Dad bolted the shutters every afternoon, well before the sun had called it quits. He re-opened them every morning, and welcomed its rays into our rooms and across our floors with an exuberance no living creature should feel at any hour before lunch. My sister and I once cried to him that we missed the moon. He was silent for several days, thumping morosely within our shuttered walls while my sister and I wondered if he was angry or sad, or just not interested in us anymore.
After the fifth day of silence from our father, he met us after school in his pickup, on the edge of our playground. We climbed in, and he drove us to Maurice’s cornfields about a mile from our house. He walked us to the middle of a barren field, and had us sit in the crunchy aftermath of a long ago harvest. We sat there in silence; we ate the apples we’d avoided from our lunch, giving each other sneaking glances when we thought Dad wasn’t looking. He uttered his first words on that field as the sun began to sink;
“We can see her now. But we’re out here till morning, so make yourselves comfortable.”
My sister and I squawked loudly and immediately, but Dad shook his head. We hushed. We had asked for the moon; he was giving her to us. We bent our heads back and sucked in the last rays of light as the moon peered shy at us from behind the fading brilliance of a clear blue sky.
She emerged in all her glory some handful of silent minutes later, round and shining and eager. We let our smooth soft faces get kissed by her gleam, the dark around us hugging our shoulders as the wind stilled. We finally glanced over at Dad, our faces riddled with our glee at being out so late for so magnificent a sight. Dad was hunched over, breathing heavily. He peered at us under knitted brows and growled his tale with the even rumblings of a waiting storm that knew its thunder:
When Lily was pregnant with Megan, she started to have contractions when she was only a few months along. There was blood, and I got scared, so I put her and Dee in the back of the pickup with a bunch of blankets. Dee, you were only two at the time, and putting you back there with your mom in trouble was stupid. I was scared that night, you know. I wasn’t thinking.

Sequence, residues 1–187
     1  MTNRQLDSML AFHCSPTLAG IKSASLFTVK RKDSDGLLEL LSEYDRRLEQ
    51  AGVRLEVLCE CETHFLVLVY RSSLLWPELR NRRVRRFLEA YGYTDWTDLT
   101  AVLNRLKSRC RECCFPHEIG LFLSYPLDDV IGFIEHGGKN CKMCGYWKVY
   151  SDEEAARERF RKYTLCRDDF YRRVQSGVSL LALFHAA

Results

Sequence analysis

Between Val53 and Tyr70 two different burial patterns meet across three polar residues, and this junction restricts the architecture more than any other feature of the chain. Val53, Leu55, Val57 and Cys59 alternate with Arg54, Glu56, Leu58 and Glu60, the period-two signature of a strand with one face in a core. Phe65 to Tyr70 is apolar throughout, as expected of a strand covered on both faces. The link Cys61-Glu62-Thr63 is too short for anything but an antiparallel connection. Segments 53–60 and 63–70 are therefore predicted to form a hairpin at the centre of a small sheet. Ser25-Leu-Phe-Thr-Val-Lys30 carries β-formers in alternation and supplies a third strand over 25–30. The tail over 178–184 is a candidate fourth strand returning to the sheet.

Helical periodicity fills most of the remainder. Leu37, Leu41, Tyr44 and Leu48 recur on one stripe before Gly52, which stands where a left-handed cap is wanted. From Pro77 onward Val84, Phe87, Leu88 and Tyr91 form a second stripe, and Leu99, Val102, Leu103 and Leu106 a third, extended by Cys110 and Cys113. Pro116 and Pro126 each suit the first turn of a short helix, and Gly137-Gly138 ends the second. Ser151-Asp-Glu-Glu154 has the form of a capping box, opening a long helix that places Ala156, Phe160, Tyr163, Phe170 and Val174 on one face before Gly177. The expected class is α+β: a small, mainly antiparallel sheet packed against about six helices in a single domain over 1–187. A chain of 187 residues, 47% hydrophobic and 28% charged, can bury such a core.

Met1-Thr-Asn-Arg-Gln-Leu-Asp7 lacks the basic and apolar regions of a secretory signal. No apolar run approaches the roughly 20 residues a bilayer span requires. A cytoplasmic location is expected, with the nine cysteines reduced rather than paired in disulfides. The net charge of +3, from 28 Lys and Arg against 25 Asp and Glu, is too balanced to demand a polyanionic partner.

It was late and raining pretty hard. When we got to town, the streetlights were on and all the streets were empty. I turned off the main road to drive into the hospital’s ER entrance, but the intersection was flooded and I was going too fast. We skidded. Your mom screamed, and I saw you go flying, Dee, I swear I saw you go flying right out the back of my truck.
I slammed on my brakes, of course. I’m screaming at the road and I see those thin beams from the streetlights tugging on the front end of my truck, you know how they do that. I’m staring at those lights thinking ‘if only they were ropes! If only they could straighten this mess out and put my life back in my truck again! I would trade all the years of my life for these lights to fix this moment!’
And girls, those beams shook their wings and wrapped my truck up in their reach. They put you back in the truck bed, Dee. Gentled us right into the ER driveway.
When we got there, girls, your mom wasn’t even bleeding anymore. The contractions were gone. She was wet from the rain, and shaken from the drive, but not much else.
The streetlights followed us home that night, all the way out on the lightless roads by our house. They streamed from my brake lights and coiled around the windows as we drove. They waited by my truck while I got you all inside, and then they whispered in my ear, before they left,
Dad sighed and looked at the moon. Megan gazed at the moon with him, and asked,
“Why keep the moon out, though, Daddy?”
Dad smiled sadly at her. He continued: